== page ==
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Pervane Aerodinamiği İçin Girdap Kafes Uygulamaları

Pervane Aerodinamiği İçin Girdap Kafes Uygulamaları

##### Dosyalar

##### Tarih

13.09.2013

##### Yazarlar

Şahin, Emre

##### Süreli Yayın başlığı

##### Süreli Yayın ISSN

##### Cilt Başlığı

##### Yayınevi

Fen Bilimleri Enstitüsü

Institute of Science and Technology

Institute of Science and Technology

##### Özet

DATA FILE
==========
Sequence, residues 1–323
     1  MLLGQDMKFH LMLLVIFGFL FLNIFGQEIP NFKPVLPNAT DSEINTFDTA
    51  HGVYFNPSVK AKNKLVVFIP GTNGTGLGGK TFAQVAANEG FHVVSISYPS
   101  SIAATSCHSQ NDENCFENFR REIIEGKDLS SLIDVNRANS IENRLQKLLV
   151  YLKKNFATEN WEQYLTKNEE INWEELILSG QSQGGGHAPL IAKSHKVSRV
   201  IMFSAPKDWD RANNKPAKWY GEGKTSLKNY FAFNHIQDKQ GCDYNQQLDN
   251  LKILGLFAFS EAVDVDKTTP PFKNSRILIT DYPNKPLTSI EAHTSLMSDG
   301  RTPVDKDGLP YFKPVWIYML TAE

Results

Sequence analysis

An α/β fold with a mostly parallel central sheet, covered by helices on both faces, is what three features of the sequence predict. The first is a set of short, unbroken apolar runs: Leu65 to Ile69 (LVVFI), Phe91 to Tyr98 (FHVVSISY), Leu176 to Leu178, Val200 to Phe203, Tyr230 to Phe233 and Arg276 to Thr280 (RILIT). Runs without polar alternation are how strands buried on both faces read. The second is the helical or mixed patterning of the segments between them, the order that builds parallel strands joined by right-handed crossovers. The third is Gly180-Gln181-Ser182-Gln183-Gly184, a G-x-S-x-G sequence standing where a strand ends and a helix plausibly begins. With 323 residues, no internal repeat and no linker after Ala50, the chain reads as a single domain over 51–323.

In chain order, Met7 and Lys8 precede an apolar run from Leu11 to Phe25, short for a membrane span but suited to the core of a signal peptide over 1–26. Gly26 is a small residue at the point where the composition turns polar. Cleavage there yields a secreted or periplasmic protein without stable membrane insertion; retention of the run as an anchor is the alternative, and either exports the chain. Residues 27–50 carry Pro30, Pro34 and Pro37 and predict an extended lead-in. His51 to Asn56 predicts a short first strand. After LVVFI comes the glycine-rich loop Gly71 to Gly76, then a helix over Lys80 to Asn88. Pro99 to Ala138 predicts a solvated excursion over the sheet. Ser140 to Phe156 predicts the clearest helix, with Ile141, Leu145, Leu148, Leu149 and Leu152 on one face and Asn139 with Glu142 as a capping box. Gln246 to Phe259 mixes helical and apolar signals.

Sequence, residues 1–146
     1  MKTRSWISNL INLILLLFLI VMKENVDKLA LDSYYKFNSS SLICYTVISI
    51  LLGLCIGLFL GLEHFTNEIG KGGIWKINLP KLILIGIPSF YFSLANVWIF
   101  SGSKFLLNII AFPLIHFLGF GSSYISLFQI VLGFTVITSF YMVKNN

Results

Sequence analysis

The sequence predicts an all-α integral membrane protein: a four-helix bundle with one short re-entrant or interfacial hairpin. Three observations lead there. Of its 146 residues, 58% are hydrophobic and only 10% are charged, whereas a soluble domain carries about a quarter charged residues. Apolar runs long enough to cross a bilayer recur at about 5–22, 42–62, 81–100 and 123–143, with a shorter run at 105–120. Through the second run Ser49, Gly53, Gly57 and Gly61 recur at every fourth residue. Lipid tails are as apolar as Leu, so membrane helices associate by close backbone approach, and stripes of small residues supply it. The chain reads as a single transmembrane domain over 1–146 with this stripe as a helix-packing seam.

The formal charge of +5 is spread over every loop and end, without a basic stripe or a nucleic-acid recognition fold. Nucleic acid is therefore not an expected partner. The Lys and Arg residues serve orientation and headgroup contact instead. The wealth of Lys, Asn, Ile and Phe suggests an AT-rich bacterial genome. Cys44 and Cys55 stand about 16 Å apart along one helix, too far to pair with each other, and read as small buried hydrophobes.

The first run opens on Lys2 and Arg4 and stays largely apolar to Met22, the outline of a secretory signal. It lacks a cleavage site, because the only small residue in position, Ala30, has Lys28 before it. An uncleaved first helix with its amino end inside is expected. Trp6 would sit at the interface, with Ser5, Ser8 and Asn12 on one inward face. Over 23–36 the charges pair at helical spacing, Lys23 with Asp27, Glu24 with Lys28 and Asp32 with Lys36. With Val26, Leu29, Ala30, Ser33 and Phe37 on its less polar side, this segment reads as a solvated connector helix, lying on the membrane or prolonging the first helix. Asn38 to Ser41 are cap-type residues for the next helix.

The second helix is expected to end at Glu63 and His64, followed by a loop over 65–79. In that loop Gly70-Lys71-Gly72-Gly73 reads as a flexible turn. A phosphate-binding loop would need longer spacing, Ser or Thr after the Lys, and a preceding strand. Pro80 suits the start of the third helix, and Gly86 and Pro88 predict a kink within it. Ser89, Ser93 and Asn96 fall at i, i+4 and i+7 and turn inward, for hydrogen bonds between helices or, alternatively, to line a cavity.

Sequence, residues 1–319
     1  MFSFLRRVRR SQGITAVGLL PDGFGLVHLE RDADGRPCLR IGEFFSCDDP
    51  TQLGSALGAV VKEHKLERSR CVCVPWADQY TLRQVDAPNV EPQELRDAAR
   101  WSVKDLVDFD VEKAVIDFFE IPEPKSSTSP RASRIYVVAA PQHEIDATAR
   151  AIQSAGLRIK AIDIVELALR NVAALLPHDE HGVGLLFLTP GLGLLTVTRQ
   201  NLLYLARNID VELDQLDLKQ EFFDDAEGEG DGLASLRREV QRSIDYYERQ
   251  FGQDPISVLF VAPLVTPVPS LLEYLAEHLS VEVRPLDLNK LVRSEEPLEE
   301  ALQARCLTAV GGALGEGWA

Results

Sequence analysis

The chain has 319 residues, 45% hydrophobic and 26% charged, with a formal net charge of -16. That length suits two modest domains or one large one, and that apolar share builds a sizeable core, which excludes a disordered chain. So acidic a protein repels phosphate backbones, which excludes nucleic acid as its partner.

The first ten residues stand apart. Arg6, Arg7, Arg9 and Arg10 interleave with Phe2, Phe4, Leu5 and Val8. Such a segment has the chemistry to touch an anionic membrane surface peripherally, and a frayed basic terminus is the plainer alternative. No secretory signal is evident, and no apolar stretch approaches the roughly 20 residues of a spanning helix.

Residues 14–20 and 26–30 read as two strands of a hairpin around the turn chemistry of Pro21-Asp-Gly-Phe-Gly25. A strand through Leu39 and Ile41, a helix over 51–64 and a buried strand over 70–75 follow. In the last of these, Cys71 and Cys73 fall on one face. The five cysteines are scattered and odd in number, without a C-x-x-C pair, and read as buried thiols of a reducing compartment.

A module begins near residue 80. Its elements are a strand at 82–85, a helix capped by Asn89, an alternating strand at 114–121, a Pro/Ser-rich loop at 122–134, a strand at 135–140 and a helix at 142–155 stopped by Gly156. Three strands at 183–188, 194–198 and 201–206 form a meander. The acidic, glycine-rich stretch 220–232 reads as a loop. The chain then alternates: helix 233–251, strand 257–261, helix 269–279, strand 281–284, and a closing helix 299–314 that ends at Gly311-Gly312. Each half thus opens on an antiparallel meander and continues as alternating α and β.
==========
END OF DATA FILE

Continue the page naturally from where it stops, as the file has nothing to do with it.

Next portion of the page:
Bir hava aracı tasarımı yapılırken ortaya çıkan geometriden doğabilecek aerodinamik yüklerin bilinmesi gerekir. Bu yükler deneysel çalışmalar ve teorik çalışmalar olmak üzere iki yolla elde edilir. Deneysel çalışmalar hem maliyet hem de zaman açısından dezavantajlı olduğu için sayısal çözüm tekniklerinin geliştirilmesi oldukça faydalıdır. Bu çalışmada pervane analizi üzerine bir inceleme yapılmıştır. Kullanılan yöntemin analojisi girdap kafes yöntemlerine dayanan non-lineer nümerik taşıyıcı çizgi yöntemidir. Literatürde taşıyıcı çizgi yöntemlerinin dihedral açılı ve ok açılı taşıyıcı elemanlar için hatalı sonuçlar vermesine rağmen girdap kafes yöntemleriyle ok açılı ve dihedral açılı her türlü taşıyıcı elemanın ve eleman kombinasyonlarının analiz edilebileceği belirtilmektedir. Ancak girdap kafes yöntemleri taşıyıcı elemanı kamburluk eğrisinden ibaretmiş gibi varsaydığından viskoz etkileri hesaba katamamaktadır. Bu nedenle kesit profil bilgisini kullanarak kamburluk ve viskoz etkileri hesaba katabilen non-lineer nümerik taşıyıcı çizgi teorisi taşıyıcı çizgi teorilerinin ve girdap kafes yöntemlerinin ara kesiti durumundadır. Çalışmada non-lineer nümerik taşıyıcı çizgi yöntemini kullanarak pervane analizi yapabilen bir bilgisayar programı geliştirilmiştir. Programın doğrulama çalışmaları kanat üzerinde yapılarak tatminkâr sonuçlar elde edilmiştir. Pervane üzerindeki uygulamalar için literatürden geometrisi ve performans değerleri bilinen test pervaneleri seçilmiştir. Bu pervane geometrileri Adkins (1994), Larrabee (1979) ve Bauer (1997)’nin çalışmalarından alınmıştır. Programın tasarım dışı noktalardaki başarısını hesaplamak için Yaggy (1960) tarafından çeşitli oturma açılarında geometrisi verilmiş bir pervane modeli kullanılmıştır. Bu pervane NACA 0009 kesitinden imal edilmiştir. Klasik teoride ihtiyaç duyulan kesit karakteristikleri çeşitli Reynolds sayısı ve hücum açısı aralıklarında Abbott (1945) ve Sheldahl (1981)’den alınmıştır.